Humans and other animals eat plants, thereby taking in the carbon that has become part of the plant. Then, we breathe. (And we can thank trees for that — not only do trees take up the carbon we don’t want, but they also provide us with the oxygen we need to survive!) Our breathing process is called cellular respiration, and it looks like this: C6H12O6 (the glucose from the plant) + 6 O2 (the oxygen we breathe) = 6 CO2 (the carbon we release) + 6 H2O (the water vapor we release when we breathe) + ATP (the energy that our cells use to keep working). During that process, we release back into the atmosphere the same carbon that the plant absorbed in the first place, thus continuing the cycle of the carbon.
So if plants and trees eventually contribute to the release of carbon, then how are they considered carbon sinks? Good question. Forests aren’t always carbon sinks; they can sometimes be a carbon source. When a forest releases more carbon than it absorbs, such as during a forest fire or when there are more dead than living trees, it is a carbon source. But in most other cases, forests absorb more than they release, making them carbon sinks.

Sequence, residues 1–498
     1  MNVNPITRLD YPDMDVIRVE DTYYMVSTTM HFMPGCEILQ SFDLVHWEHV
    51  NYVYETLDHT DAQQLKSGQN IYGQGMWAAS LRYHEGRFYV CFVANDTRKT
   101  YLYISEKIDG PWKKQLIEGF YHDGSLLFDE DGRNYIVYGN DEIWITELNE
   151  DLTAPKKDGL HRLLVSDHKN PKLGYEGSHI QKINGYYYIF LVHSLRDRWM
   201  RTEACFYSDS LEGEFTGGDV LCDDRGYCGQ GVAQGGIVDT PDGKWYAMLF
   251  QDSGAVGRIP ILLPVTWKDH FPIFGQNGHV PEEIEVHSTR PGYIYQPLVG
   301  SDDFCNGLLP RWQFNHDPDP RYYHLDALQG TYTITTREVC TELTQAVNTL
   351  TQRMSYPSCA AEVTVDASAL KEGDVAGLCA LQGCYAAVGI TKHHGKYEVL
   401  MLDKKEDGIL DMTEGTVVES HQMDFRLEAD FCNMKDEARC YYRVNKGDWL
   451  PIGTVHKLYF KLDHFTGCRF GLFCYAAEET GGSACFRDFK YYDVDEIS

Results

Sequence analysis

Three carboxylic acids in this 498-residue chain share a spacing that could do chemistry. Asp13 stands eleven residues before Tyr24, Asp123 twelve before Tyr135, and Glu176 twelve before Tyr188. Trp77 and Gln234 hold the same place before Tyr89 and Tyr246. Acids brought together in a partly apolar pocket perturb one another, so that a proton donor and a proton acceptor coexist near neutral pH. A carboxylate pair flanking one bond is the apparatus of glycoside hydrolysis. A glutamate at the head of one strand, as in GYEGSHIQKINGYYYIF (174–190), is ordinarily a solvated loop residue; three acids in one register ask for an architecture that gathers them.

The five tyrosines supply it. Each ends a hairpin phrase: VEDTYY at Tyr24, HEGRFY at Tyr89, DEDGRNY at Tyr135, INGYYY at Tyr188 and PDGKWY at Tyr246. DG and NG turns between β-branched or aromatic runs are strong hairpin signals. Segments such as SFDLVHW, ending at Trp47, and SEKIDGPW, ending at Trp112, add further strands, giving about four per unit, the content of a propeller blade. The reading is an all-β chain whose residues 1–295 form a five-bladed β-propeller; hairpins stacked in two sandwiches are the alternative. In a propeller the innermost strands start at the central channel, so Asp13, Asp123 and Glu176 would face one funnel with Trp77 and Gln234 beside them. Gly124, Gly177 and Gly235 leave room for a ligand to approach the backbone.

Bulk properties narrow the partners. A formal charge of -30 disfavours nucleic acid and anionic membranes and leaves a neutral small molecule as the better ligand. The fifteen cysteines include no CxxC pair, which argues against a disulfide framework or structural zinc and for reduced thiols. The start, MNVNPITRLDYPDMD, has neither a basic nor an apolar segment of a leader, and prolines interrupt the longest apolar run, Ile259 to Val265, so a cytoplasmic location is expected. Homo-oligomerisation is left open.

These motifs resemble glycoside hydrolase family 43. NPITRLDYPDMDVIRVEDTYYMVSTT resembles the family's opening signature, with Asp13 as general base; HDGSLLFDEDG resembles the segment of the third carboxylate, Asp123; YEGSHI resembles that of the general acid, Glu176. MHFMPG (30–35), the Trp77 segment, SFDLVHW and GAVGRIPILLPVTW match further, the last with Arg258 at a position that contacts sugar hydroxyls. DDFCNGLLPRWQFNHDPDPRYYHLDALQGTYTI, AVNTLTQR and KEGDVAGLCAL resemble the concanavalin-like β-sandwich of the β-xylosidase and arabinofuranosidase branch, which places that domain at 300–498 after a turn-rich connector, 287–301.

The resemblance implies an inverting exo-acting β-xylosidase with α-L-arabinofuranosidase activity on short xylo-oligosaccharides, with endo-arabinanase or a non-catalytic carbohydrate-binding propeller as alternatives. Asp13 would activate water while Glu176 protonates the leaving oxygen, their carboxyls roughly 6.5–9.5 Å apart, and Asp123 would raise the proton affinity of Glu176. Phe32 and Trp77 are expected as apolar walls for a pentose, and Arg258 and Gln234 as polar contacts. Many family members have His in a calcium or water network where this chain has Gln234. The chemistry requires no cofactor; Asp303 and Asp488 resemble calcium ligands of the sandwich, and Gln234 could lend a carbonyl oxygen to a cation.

We prefer forests to be carbon sinks, because too much CO2 in the atmosphere is bad for air quality and human health. Carbon dioxide is a greenhouse gas that traps heat in the lower levels of the atmosphere and contributes to climate change’s trend of globally increasing temperatures. CO2 is not just released by cellular respiration: The main source of CO2 emission is the combustion of fossil fuels by industry and cars. A lot of the carbon produced by these activities is just being introduced into the atmosphere for the first time, even though it will remain cycling through it forever. In 2007 alone, 8.5 billion tons of carbon were added to the carbon cycle by oil, coal, and gas combustion, but before then, it was all being stored underground, far away from the atmosphere where it now exists.